Written by Washington State Attorney General Bob Ferguson
In order to practice law, every attorney must take an oath. In order to wear a uniform, every soldier, sailor, marine, and airman must also take an oath. The oaths themselves are strikingly similar – both include statements of support for the constitution and a promise to serve interests outside of one’s self. Veterans serve and defend our country and our rule of law. The constitution and legal system our veterans took an oath to protect should serve them in return.
The legal community has a duty to ensure our veterans and military families know their legal rights and can access the resources they need. There are a number of laws granting unique protections and benefits to our veterans and military families, enacted in acknowledgment and appreciation of their service and sacrifice. Some of these laws alleviate certain civil obligations in order to help military personnel called to active duty focus on their mission. Other laws are intended to give a helping hand to veterans to advance their education or improve their vocational opportunities. These laws all recognize the sacrifices our brave men and women in uniform make in service to us. As lawyers, we must ensure that veterans and military personnel understand the rights they have.
Our veterans can face significant challenges. After more than a decade at war – one of the longest in our nation’s history – the federal Department of Veterans Affairs is receiving a record number of benefit claims. Veterans must contend with record backlogs and many are struggling to make ends meet as they wait. Sadly, veterans are significantly overrepresented among the homeless. Nationally, it is estimated that 1 in every 4 homeless adults served in the military, though veterans are only about 11 percent of the general adult population. The mental health issues some veterans face are no doubt contributing factors to the prevalence of homelessness. The “signature” injuries among post 9/11 era veterans are the invisible wounds of Post –Traumatic Stress and Traumatic Brain Injury.
Many of the challenges veterans face can become legal needs. Sometimes these needs will be similar to those of someone who never wore a uniform. Other times, the needs may be directly related to military service. Veterans, particularly those struggling with homelessness or living on a fixed income, may be unable to afford an attorney. According to the Legal Services Corporation, local legal aid offices and LSC-funded programs see many low-income veterans in need of civil legal assistance. Serving these individuals starts with identifying them as veterans, recognizing the unique needs and challenges they may be facing, and understanding the resources and benefits they may have earned because of their military service.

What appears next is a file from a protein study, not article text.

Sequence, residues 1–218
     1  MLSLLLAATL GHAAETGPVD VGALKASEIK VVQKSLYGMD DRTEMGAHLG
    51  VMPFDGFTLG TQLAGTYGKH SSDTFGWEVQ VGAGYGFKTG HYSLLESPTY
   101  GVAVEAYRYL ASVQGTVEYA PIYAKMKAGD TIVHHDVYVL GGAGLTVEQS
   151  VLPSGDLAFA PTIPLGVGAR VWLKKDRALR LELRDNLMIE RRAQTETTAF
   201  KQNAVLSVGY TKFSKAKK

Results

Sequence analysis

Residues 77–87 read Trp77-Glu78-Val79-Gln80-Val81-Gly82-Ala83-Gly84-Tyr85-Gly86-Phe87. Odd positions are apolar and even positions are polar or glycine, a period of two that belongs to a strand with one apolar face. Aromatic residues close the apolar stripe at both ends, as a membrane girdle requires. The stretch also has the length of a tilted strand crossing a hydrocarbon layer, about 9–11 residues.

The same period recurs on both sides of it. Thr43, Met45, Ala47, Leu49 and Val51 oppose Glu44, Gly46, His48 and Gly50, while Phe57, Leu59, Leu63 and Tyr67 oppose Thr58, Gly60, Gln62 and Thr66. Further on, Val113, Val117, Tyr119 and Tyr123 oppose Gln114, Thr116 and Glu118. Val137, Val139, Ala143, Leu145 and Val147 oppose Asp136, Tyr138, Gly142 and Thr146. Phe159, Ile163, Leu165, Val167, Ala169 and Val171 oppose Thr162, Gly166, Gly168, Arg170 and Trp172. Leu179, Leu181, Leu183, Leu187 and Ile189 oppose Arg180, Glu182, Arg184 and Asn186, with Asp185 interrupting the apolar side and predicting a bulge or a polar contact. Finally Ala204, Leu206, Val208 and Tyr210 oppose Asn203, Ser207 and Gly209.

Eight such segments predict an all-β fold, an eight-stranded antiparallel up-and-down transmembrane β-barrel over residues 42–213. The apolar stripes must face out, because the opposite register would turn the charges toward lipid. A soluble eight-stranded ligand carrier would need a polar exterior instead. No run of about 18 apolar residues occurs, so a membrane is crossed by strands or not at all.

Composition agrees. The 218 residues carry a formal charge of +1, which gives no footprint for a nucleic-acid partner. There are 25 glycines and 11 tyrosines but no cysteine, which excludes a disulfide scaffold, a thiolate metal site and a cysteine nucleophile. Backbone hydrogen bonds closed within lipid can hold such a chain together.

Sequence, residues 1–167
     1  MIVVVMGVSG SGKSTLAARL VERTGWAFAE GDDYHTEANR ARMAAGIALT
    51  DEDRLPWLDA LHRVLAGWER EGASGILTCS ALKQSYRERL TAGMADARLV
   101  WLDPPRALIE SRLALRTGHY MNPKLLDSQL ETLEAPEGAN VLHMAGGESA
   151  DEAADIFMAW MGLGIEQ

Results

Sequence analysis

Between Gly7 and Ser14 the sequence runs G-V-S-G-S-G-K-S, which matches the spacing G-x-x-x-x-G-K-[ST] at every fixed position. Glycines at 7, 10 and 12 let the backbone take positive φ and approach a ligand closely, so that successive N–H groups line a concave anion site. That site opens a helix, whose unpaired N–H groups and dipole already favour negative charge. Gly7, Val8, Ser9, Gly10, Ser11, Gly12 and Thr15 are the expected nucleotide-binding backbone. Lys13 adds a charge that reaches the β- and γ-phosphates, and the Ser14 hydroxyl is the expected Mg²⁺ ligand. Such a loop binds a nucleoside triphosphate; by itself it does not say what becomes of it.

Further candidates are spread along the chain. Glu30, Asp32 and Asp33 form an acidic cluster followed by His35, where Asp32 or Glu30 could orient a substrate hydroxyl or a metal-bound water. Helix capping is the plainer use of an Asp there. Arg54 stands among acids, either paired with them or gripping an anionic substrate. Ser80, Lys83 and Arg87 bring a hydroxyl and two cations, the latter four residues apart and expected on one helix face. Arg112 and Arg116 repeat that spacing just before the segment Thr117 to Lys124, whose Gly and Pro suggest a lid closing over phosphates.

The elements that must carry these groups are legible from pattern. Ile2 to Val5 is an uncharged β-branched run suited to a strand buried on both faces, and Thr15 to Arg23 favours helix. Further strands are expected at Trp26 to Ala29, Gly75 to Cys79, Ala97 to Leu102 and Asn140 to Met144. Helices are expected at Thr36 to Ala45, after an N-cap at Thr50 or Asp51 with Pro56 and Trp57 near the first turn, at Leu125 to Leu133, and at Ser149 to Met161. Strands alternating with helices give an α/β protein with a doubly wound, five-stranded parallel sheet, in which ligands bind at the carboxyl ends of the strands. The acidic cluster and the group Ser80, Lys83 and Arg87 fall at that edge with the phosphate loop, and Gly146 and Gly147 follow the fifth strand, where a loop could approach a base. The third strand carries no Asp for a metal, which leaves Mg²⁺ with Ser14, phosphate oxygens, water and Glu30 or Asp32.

As Attorney General, improving how my office serves our state’s veterans and military families is a priority. This is not just a public policy issue; it is also personal. Like many others, I come from a family of veterans. My father was in the Navy, both my grandfathers were veterans, and many of my uncles fought in WWII. My family’s experience instilled in me a respect and appreciation for military service.
As part of the effort to improve the way we serve our veterans and military families, I was pleased to recently announce the release of a new Military & Veterans Legal Resource Guide. This new guide summarizes in one place some of the many legal rights, protections, and resources available to Washington’s veterans and military families. It is designed to help inform and educate military personnel and veterans about the legal rights and protections that may be available to them. It also contains information about where veterans can find services and legal assistance. Civil legal aid attorneys and advocates may also find the guide a useful resource. The guide is available online at www.atg.wa.gov/VeteranMilitaryResources.aspx.
Our hope at the Attorney General’s Office is that the guide is a useful tool for veterans and military families, and that it reinforces how much we appreciate what they do for our country and our rule of law. However, this guide is no replacement for legal aid services or pro bono work, and many veterans continue to need legal representation. As the legal community recognizes National Pro Bono Week and lawyers look for opportunities to fulfill their oaths and commitment to service, it is important to recognize the legal needs of those who took an oath to serve our country.
Bob Ferguson is Washington State’s 18th Attorney General. As the state’s chief legal officer, he directs over 1,100 attorneys and professional staff in providing legal services to state agencies, the Governor, and the Legislature. Prior to being elected Attorney General, Bob served as a member of King County Council where he sponsored the King County Veterans and Human Services Levy.